Although this particular story has a sad ending, it nonetheless fills me with great hope for the future. Just recently a paramedic came to me with tears in his eyes. A young patient whose life he saved two years ago had finally succumbed to her injuries. He told me he was heartbroken, as if his own daughter had passed away.
That man was Muawiya Qabha, a Muslim paramedic with the emergency medical services organization I founded 25 years ago, United Hatzalah of Israel. The victim was a two-year-old Jewish girl named Adele from the Israeli town of Yakir in the West Bank.
On March 14, 2013, Muawiya responded to what was described as a "minor rock-throwing incident." Instead he arrived to find a lifeless girl laying on the side of the road. As he rushed to her aid, a passing doctor joined him. Believing she could not be saved, the doctor chose to drive away, leaving the two as a faint image in his rear view mirror. Undeterred, he administered CPR for more than 20 minutes until, against all odds, the girl came back to life. Muawiya remarked that he had never fought so hard to save someone and that the shared experience wound bind the two forever.
At a time when the Middle East is a minefield of socio-religious tensions, such interactions between disparate communities seem especially rare. But when they happen, they can be transformative.
I know that the cure for the ills of the Middle East won't come easily. From the Oslo Accords, to the Camp David Summit to the Annapolis Process, every major effort to bring a resolution to the decades-old conflict between Israelis and Palestinians -- and between Jews and the Arabs more generally -- has failed. Like magnets, we share so much in common, yet seem incapable of coming together.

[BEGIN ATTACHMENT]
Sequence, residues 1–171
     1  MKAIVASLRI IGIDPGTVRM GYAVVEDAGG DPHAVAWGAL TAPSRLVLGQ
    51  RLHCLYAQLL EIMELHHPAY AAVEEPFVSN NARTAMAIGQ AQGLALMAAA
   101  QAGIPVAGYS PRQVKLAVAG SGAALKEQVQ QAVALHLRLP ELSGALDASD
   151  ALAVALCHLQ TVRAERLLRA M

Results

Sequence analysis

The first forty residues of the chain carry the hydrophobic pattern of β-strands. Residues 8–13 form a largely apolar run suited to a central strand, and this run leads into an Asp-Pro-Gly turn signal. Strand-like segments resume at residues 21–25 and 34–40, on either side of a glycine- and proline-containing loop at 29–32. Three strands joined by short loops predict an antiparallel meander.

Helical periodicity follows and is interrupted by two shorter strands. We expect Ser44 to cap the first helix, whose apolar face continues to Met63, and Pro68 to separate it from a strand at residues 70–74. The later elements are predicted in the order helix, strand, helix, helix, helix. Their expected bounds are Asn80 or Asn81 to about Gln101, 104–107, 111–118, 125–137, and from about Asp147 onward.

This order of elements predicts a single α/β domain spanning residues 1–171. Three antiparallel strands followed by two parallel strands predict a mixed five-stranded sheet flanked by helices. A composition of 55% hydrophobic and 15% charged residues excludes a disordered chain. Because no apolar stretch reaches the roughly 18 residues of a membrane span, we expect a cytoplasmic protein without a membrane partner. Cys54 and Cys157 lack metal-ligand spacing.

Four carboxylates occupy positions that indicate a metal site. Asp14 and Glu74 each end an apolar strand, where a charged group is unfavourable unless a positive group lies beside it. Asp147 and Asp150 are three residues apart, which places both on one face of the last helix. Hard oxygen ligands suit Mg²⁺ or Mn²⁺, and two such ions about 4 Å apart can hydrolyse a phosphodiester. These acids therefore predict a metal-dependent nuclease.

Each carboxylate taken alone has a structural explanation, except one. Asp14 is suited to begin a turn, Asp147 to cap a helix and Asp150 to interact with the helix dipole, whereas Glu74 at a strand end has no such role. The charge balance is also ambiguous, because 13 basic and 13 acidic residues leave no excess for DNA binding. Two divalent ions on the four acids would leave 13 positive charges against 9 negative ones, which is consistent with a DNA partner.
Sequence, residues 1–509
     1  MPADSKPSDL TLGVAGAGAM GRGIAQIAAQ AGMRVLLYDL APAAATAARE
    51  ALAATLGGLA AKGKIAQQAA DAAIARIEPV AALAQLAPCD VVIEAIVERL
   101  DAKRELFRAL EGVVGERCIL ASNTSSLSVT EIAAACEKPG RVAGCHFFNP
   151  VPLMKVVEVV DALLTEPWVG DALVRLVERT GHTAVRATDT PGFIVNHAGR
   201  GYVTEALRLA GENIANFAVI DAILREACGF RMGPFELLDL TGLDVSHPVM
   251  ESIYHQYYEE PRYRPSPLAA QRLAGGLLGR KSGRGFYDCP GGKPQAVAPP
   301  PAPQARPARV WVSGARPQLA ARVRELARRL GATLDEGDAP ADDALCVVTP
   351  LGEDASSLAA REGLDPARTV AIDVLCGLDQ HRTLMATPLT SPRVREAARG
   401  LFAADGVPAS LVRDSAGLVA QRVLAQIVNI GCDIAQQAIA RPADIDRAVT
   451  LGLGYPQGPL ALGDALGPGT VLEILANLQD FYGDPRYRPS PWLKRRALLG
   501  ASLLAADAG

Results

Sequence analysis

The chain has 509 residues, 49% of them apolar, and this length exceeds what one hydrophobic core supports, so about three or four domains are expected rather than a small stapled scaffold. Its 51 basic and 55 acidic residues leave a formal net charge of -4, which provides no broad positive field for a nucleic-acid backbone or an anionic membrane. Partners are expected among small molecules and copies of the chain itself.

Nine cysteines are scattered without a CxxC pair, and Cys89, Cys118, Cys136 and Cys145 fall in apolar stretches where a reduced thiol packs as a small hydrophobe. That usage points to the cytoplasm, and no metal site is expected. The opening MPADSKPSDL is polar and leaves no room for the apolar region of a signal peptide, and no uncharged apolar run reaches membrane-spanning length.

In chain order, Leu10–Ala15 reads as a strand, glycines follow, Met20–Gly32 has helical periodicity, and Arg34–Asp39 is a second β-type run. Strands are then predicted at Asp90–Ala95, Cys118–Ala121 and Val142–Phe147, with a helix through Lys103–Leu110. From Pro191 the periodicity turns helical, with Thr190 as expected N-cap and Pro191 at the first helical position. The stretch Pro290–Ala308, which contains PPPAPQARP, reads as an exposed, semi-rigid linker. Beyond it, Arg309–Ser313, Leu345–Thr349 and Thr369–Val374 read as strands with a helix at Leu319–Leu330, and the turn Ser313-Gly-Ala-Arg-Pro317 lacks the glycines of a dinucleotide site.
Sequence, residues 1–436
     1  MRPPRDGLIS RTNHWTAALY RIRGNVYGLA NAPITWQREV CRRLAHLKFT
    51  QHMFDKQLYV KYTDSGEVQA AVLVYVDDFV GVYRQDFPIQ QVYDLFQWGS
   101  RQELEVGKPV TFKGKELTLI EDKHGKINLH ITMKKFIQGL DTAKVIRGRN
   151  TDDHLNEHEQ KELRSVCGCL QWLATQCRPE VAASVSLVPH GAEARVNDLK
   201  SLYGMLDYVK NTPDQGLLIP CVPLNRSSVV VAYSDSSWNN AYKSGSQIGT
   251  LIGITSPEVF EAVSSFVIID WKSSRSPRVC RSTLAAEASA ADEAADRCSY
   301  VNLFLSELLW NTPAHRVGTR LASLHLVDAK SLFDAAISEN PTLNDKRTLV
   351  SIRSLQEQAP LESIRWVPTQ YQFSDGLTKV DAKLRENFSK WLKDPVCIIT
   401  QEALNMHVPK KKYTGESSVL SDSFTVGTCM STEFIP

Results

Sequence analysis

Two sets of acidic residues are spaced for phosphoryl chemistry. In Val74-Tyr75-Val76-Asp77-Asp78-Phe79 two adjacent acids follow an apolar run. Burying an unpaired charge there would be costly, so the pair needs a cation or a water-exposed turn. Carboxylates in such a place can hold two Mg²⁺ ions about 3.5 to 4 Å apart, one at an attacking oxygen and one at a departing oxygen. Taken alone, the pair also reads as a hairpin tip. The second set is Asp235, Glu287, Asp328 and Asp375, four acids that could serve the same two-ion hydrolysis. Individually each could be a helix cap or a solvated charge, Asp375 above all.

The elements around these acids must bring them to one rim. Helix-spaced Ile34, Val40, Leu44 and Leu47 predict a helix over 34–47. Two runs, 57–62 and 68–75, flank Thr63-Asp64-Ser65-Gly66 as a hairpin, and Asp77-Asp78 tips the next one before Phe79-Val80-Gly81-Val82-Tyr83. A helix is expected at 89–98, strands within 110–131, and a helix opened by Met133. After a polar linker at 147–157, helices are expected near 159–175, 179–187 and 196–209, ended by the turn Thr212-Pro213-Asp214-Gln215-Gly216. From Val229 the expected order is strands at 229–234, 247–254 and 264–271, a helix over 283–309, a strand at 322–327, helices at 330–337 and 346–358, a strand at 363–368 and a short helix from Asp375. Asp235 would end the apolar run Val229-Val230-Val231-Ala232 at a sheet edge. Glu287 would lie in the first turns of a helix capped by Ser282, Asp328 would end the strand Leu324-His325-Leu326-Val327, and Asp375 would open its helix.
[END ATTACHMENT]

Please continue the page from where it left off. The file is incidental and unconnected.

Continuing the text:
As a medic for the last 20 years, I've learned a lot about human behavior. Particularly in the context of a life-threatening emergency, the labels by which we define ourselves -- religion, nationality, race, income, gender -- all fade into the background when we're facing death. In the moments after a mother suffers a stroke, a father clutches his chest, or a baby wanders into a pool, panic and fear strip us down to what we really are, not what these labels tell us to be.
So when that helping hand comes from an unexpected source, we're forced to look at them differently.
That's why I was so excited to talk about United Hatzalah at this year's AIPAC Policy Conference, the largest gathering of pro-Israel supporters in the country. AIPAC featured United Hatzalah during its Innovation Showcase, a forum to highlight groundbreaking ideas incubated in Israel but with the power to change the world. In that spirit, I spoke proudly of how United Hatzalah has revolutionized emergency medical first response: We merged the concepts of motorcycles and ambulances to create nimble "ambucycles," created a GPS-based mobile dispatch app, and recruited thousands of volunteer medics throughout Israel. Taken together, these innovations have reduced our average response time to less than three minutes, saving countless lives in the process.
The organization's real value, though, is not just in our ability to save lives, but to also bring them together. United Hatzalah's volunteers are Jewish and Muslim, Christian and Druze, religious and secular. By design, they hail from every segment of the population and serve anyone who needs them -- always free of cost.
Similar to compulsory military service in the Israeli Defense Forces, United Hatzalah's benefits extend far beyond saving lives by making the very act of doing so a shared responsibility. Today, our affiliates operate in six countries with several others on the horizon. Within each of these communities lies unique challenges, but in adopting the United Hatzalah model they uncover new, organic ways to address those difficulties. Put simply, we believe that the selfless act of saving others teaches participants more about themselves, as well as those they may never have known around them.
An Arab volunteer fighting for a little Jewish girl -- it may not broker world peace or cure the Middle East conflict, but it's a good first response.